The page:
Aaron Wilber, Ph.D., is Assistant Professor in the Department of Psychology and is affiliated with the Program in Neuroscience. He is a Faculty Affiliate of the Institute for Successful Longevity.
Amy L. Ai, Ph.D., is a professor in the College of Social Work and a Faculty Affiliate of the Institute for Successful Longevity. She is also Fellow of the Gerontological Society of America, American Psychologist Association, and Association of Psychological Science. In 2020, the American Psychological Association’s Division 56 (Trauma Psychology) honored her with its Outstanding Science Award. Professor Ai will give a presentation on her research December 6 as part of the ISL Brown Bag Series.
More and more people 65 and older are fortunate to be receiving their first doses of Covid-19 vaccine with more doses hopefully released soon for the rest of the population. If you are one of the lucky pioneers with the first approved vaccines, congratulations on getting a dose, or doses, as this is the first step down a long road toward rolling back the pandemic.
If you are like me, you have valuable data assets stored in electronic devices such as computers, smartphones, and tablets. As more and more of our transactions have become electronic our heirs may face enormous challenges recovering that information after we die or become incapacitated. The challenges are increasing with two-factor authentication (2FA) processes guarding our devices and accounts.
Accessible transportation is essential for successful aging, because quality of life cannot be sustained unless older adults have reliable and affordable access to social, medical, and other essential services. This is why Dial-A-Ride is vital to many older adults and why my research team created a prototype mobile app for Dial-A-Ride users.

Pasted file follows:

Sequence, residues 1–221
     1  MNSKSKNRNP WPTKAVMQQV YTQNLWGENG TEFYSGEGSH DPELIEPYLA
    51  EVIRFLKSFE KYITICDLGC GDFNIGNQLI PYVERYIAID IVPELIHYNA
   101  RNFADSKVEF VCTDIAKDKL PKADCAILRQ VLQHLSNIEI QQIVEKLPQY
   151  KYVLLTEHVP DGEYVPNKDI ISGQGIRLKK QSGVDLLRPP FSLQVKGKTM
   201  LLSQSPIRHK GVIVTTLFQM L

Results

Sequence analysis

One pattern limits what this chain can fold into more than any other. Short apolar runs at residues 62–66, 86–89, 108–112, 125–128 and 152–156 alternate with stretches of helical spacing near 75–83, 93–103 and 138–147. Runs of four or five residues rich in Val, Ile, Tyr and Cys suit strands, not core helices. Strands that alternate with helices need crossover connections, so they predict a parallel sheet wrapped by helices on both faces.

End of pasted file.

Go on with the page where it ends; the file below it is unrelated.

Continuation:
There is another serious epidemic silently spreading in America: senior invisibility. Nearly everyone except for essential workers experienced “early retirement” from everyday activities, at least for a while, when stay-at-home orders went into effect across the country.
Since the beg
Driving a car means maintaining independence for many older adults — driving allows you to shop, see friends and family, keep up with medical appointments, and avoid social isolation. But sometimes staying safe behind the wheel as you age can be a challenge.
The presidential contest is fully underway, and many of the candidates fit the definition of “older adults,” those age 65+ years. In the past I’ve been queried about candidates for high office (such as former Canadian Prime Minister Jean Chretien) who are of pensionable age. Usually the concerns of the journalist are not that the candidate might die in office, but rather that they may become demented and whether we should have either an age limit on candidates or some form of fitness testing.
Advanced driver assistance systems (ADAS) are included in many new vehicles. They feature such functions as blind-spot detection (sadly, usually only available with a high-end package), forward-collision warning and braking, lane-keeping warning and steering guidance, adaptive cruise control and the now required (in all new 2018 vehicles) backup camera.